In some cases if you are looking at the Radar Coded Message (RCM) tops on the Aviation Weather Center website (https://www.aviationweather.gov/radar/rcm) and see tops of 60K or more depicted in black, they are likely bogus. For example, for the depiction below you can see tops showing at 680 (68,000 feet MSL) and 640 (64,000 feet MSL) that are indeed bogus.
First, some background...
This radar summary chart is created from what is called the Radar Coded Messages (RCMs). The original plan was to have the RCM output manually checked/corrected/modified. However, that plan was changed even before the original NEXRAD network was operational. The RCMs are sent as the radar product generators (RPGs) generate them. I also believe little, if any, modifications or enhancements have been made to the RCM software since that time.
The Federal Meteorological Handbook Number 11 (FMH-11 Part B, page 2-112), provides some background information on the echo tops on the chart:
“The Echo Tops algorithm estimates echo (non-zero reflectivity category) top heights for 4 x 4 km (2.2 x 2.2 nm) grid boxes. A grid box represents the area on the Earth where a single value of reflectivity is assigned. The height of the echo top is measured from ground level to the mid-point of the radar radial beam for the highest non-zero reflectivity category per grid box.”
Thus, the Echo Tops algorithm is the source for the RCM echo top information on this image.
My opinion is that the “few isolated pixels” of high reflectivity are “real” data that have made it through the clutter suppression algorithm. More specifically, I think the pixels you sometimes see are due to aircraft returns that have made it through the Point Target Detection and a removal program run in the radar data acquisition (RDA) signal processor. Then the algorithm falsely determines the tops to be way above what we see as normal.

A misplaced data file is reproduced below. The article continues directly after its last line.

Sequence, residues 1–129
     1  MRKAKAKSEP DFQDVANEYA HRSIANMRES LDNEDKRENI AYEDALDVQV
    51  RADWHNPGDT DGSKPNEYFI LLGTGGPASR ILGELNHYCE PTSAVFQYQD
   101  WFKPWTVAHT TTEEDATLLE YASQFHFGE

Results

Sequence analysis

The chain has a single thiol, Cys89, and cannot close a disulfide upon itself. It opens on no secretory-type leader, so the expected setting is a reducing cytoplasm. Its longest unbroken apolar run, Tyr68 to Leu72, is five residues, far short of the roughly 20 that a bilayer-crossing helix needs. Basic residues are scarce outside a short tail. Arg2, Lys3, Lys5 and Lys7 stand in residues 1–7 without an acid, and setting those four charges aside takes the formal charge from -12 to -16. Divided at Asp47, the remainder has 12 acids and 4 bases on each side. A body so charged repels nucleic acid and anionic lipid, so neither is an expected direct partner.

One last point, the RCM reflectivity data has a very poor temporal and spatial resolution of about 12 km (very poor) and is updated every 30 minutes (also pretty poor), respectively. Why again are we using this? Don't have a clue, but evidently there are enough pilots out there that still do.
By the way, there are times where you actually might have a correct RCM top. For example, on April 28, 2021, there were reports of hail four inches in diameter just to the west of San Antonio, Texas. That was from an intense storm with tops estimated to 64,000 feet MSL! And below you'll see the RCM nearby this storm has a top for this storm depicted at 630 (63,000 feet MSL). This one is likely real given the weather that was occurring at the time.
In most cases, it is rare to see a storm with tops that exceed about 55,000 feet. It's not impossible, but those kind of storms will typically produce severe hail, strong winds and possibly tornadoes. In most cases, RCM tops of 60K or more are likely bogus.
Most pilots are weatherwise, but some are otherwise™
Dr. Scott Dennstaedt
Weather Systems Engineer
CFI & former NWS meteorologist